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British Property Federation Launches Manifesto

The British Property Federation (BPF) today launches its Employment Land Manifesto to support next steps for the Government’s planning system reforms.

The Government’s Planning for the Future White Paper made no meaningful reference to the need to plan effectively for employment land.

Planning for new housing delivery without considering the relationship between new homes and employment land is short-sighted.

New homes should be built together with creating new jobs and social infrastructure, and more investment into town centres to adapt to an increasing population and changing consumer behaviours. Equally, the Government must ensure enough warehouse space is built to sufficiently service new and growing communities.

The manifesto’s key proposals:

  • Introduce a presumption in favour of logistics development – the UK is currently experiencing accelerated demand for online shopping, growth in biotech and other high-tech manufacturing, as well as changes to supply chains from our new trading relationship with the EU and rest of the world. Demand for modern logistics property is outstripping supply, yet the Local Plan process is too slow to respond, needlessly slowing down high-growth sectors when their contribution to the economy and opportunities for new employment are vital to UK recovery.
  • Improve cross-boundary planning to deliver strategic employment sites – the BPF sees a role for Mayoral Combined Authorities and/or LEPS in delivering strategic employment site allocations, which cross one or more boundaries between different local authorities, through new spatial planning powers.
  • Reinforce logistics in Local Plans – the requirement set out in the Planning Practice Guidance for logistics to be assessed and planned for separately, from more traditional industrial uses, needs to be enforced more robustly.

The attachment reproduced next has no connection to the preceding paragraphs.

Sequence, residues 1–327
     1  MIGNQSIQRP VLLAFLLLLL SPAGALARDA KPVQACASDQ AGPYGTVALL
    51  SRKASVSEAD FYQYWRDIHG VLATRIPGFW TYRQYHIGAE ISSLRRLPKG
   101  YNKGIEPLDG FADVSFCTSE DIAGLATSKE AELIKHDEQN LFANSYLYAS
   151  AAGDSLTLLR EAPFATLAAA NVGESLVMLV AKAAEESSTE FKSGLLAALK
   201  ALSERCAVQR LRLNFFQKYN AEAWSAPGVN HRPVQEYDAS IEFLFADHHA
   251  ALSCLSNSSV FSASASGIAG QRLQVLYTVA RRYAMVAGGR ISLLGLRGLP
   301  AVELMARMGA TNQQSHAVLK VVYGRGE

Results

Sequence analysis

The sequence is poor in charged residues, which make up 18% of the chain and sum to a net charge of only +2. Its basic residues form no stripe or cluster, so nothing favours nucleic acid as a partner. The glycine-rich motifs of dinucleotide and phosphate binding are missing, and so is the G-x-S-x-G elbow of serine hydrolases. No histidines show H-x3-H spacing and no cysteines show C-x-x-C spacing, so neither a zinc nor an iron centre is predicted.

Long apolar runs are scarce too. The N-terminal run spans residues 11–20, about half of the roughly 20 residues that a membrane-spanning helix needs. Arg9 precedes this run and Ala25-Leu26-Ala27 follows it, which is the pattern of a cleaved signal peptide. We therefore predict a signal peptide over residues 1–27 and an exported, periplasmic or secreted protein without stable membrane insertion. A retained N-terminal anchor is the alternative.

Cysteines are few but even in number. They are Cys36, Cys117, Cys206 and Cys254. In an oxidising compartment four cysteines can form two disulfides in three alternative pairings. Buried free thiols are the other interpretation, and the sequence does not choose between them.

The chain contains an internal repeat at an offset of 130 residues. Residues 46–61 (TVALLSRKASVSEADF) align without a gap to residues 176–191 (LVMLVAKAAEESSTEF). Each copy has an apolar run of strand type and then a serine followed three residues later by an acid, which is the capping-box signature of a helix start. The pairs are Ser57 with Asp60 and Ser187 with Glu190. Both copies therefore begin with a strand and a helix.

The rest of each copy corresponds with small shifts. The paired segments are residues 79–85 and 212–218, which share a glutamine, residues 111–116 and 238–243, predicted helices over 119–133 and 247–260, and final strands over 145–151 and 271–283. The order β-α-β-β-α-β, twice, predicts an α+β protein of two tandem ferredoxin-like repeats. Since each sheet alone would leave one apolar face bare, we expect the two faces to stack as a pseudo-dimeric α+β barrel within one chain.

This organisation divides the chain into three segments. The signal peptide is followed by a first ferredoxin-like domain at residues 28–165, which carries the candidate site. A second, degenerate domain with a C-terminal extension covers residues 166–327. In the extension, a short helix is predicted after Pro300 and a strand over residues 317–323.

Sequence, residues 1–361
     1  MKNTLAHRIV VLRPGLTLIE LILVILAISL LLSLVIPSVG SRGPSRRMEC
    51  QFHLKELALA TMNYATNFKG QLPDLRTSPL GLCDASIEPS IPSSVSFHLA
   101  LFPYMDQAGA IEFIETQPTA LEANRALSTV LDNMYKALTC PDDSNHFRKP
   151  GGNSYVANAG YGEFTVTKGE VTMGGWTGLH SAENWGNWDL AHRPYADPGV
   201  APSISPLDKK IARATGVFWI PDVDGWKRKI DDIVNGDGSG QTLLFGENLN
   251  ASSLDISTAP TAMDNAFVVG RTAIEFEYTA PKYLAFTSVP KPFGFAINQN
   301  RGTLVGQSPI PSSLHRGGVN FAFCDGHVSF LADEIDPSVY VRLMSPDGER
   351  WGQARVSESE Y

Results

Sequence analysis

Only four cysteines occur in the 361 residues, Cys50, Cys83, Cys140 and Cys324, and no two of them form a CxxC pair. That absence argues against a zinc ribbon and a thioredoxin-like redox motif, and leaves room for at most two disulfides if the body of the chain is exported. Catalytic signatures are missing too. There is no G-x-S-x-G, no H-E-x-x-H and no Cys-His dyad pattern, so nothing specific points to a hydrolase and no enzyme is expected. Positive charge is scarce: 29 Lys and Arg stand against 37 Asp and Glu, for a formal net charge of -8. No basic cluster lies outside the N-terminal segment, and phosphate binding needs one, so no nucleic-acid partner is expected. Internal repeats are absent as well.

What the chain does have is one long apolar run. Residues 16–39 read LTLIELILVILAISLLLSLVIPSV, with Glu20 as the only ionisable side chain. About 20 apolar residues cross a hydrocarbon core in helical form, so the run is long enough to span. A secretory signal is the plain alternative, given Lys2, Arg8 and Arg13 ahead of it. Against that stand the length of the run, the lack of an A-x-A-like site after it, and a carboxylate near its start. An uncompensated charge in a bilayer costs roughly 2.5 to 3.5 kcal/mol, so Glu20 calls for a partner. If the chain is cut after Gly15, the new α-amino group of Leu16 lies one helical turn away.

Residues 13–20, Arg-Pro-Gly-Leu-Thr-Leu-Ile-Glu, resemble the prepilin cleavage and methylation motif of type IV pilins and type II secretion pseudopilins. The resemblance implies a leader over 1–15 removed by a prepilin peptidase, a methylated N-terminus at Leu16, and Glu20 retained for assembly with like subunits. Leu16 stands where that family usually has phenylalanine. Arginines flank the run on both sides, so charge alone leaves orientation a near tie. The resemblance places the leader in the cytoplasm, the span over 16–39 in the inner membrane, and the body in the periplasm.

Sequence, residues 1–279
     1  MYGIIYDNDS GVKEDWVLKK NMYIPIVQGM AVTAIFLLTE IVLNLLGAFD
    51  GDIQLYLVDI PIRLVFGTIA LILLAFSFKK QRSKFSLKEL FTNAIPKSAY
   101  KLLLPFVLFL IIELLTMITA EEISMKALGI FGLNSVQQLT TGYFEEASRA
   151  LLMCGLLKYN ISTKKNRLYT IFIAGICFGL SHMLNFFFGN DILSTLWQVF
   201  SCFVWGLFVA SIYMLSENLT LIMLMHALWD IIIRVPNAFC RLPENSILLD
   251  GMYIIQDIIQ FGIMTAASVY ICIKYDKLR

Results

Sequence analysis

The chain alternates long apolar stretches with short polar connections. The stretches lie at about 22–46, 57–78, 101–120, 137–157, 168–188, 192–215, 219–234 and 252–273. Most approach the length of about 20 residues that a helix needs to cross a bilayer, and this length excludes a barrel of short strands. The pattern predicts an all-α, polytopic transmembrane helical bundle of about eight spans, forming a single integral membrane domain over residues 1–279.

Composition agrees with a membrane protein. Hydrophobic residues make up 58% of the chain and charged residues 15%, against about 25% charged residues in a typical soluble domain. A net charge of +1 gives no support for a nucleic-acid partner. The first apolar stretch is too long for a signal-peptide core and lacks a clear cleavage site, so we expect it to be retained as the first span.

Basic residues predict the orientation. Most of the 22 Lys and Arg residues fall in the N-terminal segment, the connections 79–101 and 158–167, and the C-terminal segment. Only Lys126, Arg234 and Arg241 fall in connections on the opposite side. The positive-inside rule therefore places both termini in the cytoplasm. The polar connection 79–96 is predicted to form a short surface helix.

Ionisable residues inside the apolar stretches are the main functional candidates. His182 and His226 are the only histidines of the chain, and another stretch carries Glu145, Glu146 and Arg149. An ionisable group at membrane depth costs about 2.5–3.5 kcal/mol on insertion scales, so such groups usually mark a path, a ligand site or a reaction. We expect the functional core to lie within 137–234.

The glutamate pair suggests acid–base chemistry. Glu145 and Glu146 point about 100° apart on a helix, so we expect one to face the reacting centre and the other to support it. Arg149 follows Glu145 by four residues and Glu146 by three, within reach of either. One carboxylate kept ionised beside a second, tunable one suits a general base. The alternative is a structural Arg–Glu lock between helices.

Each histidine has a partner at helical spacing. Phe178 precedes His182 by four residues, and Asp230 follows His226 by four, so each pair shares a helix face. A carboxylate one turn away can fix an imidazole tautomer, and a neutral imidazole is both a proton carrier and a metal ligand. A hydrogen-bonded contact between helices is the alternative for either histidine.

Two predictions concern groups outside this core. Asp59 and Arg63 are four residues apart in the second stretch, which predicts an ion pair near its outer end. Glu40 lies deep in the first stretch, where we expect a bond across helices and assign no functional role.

• Establish industrial and logistics-friendly design codes – the National Model Design Code and Building Better Building Beautiful agenda are fundamental aspects of residential development but must not prejudice important industrial and logistics development that play a fundamental and growing role in meeting societal needs.
  • Introduce an Employment Land Delivery Test – an Employment Land Delivery Test, similar to the Housing Delivery Test or Five-Year Housing Land requirement, would ensure that a commensurate amount of employment land is brought forward to counterbalance housing and that any employment land lost to other uses is delivered in the right locations.
  • Include a fourth ‘long-term growth’ zone in the Planning White Paper’s zonal approach – currently, the Government’s planning system reforms propose to zone all land as either ‘growth’, ‘renewal’ or ‘protection’. This approach will not work for large-scale regeneration sites, where the long-term delivery of ‘place’ requires continuing dialogue with communities. The BPF therefore suggests a sub-set of ‘growth’, called ‘long-term growth’.
  • Introduce Town Centre Investment Zones – these are designated areas within which a broad range of local stakeholders gain enhanced powers and tax incentives that support town centre adaption, on the condition that they together have put forward a clear, coherent local plan for high street renewal.

Melanie Leech, chief executive of the British Property Federation, said: The recommendations in this manifesto are about ensuring the Government’s planning system reforms work better to support communities, productivity and employment. The Government must not waste untapped potential for our planning system to unlock considerable economic and social value, supporting its own agenda to level up the UK’s regions and build back better. Planning reforms with a linear focus on housing will not be enough to create new, thriving and sustainable communities – the role of employment land in supporting new housing delivery must be better understood.”